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Monday, December 09, 2019 {{ new Date().getDay() }}

Reprinted with permission from AlterNet.

 

Sen. John McCain (R-AZ) attacked President Donald Trump without mentioning his name during an interview for C-SPAN3’s American History TV.

The senator was discussing the Vietnam War, in which he served as a Navy pilot and became a POW after being shot down, when he raised the issue of classist draft procedures in the United States.

McCain used Trump’s widely publicized reason for a medical deferment as an example of rich Americans buying their way out of military service.

“One aspect of the conflict, by the way, that I will never ever countenance is that we drafted the lowest income level of America. And the highest income level found a doctor that would say that they had a bone spur,” McCain said. “That is wrong. That is wrong. If we are going to ask every American to serve, every American should serve.”

Watch the exchange below.

Chris Sosa is an associate editor at AlterNet. His work has appeared in Mic, Salon, Care2, Huffington Post and other publications. Previously, he was a campaign specialist and media spokesperson for People for the Ethical Treatment of Animals. Follow him on Twitter @ChrisSosa.

 

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Jeff Danziger lives in New York City. He is represented by CWS Syndicate and the Washington Post Writers Group. He is the recipient of the Herblock Prize and the Thomas Nast (Landau) Prize. He served in the US Army in Vietnam and was awarded the Bronze Star and the Air Medal. He has published eleven books of cartoons and one novel. Visit him at DanzigerCartoons.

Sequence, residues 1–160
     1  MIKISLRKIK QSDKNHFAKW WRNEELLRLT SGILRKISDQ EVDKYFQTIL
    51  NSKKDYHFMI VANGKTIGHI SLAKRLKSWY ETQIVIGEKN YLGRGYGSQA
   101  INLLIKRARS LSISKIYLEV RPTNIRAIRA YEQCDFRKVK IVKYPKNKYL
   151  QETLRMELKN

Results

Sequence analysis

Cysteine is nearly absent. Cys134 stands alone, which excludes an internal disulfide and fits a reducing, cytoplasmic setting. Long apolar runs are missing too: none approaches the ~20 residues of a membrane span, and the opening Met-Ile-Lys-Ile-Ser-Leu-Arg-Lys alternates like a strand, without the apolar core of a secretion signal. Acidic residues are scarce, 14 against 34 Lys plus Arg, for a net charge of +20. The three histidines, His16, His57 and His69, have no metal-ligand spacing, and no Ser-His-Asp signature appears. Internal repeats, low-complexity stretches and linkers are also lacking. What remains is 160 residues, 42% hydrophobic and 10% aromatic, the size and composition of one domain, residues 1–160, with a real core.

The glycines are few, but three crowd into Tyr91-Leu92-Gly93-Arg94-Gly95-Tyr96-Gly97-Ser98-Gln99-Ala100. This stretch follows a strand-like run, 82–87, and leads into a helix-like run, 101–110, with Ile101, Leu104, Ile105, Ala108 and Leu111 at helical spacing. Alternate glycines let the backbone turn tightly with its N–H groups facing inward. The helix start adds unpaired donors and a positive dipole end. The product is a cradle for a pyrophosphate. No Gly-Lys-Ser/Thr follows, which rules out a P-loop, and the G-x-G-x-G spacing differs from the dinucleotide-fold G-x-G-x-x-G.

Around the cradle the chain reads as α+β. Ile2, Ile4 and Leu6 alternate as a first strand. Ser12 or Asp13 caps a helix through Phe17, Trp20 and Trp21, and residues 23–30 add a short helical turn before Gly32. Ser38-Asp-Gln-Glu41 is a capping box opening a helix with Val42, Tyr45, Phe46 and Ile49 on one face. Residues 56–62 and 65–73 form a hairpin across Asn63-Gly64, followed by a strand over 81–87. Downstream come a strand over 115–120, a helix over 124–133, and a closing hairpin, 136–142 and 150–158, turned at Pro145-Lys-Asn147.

The late Sen. John McCain

I don't know Kyrsten Sinema, but I did know John McCain. Not at all intimately, to be sure, but just enough to say -- despite her pretensions and the fantasies of her flacks that she is the reincarnation of the war hero in a purple wig -- that Kyrsten Sinema is no John McCain.

Lately Sinema has advertised herself as a "maverick," by which she means that she flouts the positions and policies of her party's leadership, and is supposed to pair her with McCain, who sometimes strayed from the Republican party line. Her most notorious attempt at imitation occurred last year with a gesture on the Senate floor marking her vote against a minimum wage increase. Her coy mimicry of the admired war hero was synthetic, leaving an unpleasant odor in its wake. When McCain delivered his bold "thumbs down" on gutting Obamacare, he was protecting Arizona's working families – not betraying them.

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